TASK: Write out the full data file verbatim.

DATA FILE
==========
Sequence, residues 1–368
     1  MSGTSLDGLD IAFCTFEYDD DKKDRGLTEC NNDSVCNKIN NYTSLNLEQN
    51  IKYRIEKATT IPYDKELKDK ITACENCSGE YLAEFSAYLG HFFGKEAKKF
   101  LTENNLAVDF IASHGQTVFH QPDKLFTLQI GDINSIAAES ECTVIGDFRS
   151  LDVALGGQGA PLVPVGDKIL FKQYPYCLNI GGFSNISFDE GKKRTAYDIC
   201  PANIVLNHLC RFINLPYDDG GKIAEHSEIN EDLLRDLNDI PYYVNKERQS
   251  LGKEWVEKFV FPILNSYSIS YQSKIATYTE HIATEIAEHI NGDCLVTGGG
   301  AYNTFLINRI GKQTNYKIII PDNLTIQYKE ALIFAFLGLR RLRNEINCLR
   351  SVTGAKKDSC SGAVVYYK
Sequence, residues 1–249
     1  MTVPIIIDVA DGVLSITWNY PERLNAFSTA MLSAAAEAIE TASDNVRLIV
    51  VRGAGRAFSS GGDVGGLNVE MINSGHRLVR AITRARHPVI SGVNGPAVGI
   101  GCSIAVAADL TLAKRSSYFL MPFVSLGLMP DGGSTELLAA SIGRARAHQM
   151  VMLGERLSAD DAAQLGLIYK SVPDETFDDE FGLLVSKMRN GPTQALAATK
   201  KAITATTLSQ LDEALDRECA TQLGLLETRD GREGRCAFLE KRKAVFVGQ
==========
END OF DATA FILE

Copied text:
Sequence, residues 1–368
     1  MSGTSLDGLD IAFCTFEYDD DKKDRGLTEC NNDSVCNKIN NYTSLNLEQN
    51  IKYRIEKATT IPYDKELKDK ITACENCSGE YLAEFSAYLG HFFGKEAKKF
   101  LTENNLAVDF IASHGQTVFH QPDKLFTLQI GDINSIAAES ECTVIGDFRS
   151  LDVALGGQGA PLVPVGDKIL FKQYPYCLNI GGFSNISFDE GKKRTAYDIC
   201  PANIVLNHLC RFINLPYDDG GKIAEHSEIN EDLLRDLNDI PYYVNKERQS
   251  LGKEWVEKFV FPILNSYSIS YQSKIATYTE HIATEIAEHI NGDCLVTGGG
   301  AYNTFLINRI GKQTNYKIII PDNLTIQYKE ALIFAFLGLR RLRNEINCLR
   351  SVTGAKKDSC SGAVVYYK
Sequence, residues 1–249
     1  MTVPIIIDVA DGVLSITWNY PERLNAFSTA MLSAAAEAIE TASDNVRLIV
    51  VRGAGRAFSS GGDVGGLNVE MINSGHRLVR AITRARHPVI SGVNGPAVGI
   101  GCSIAVAADL TLAKRSSYFL MPFVSLGLMP DGGSTELLAA SIGRARAHQM
   151  VMLGERLSAD DAAQLGLIYK SVPDETFDDE FGLLVSKMRN GPTQALAATK
   201  KAITATTLSQ LDEALDRECA TQLGLLETRD GREGRCAFLE KRKAVFVGQ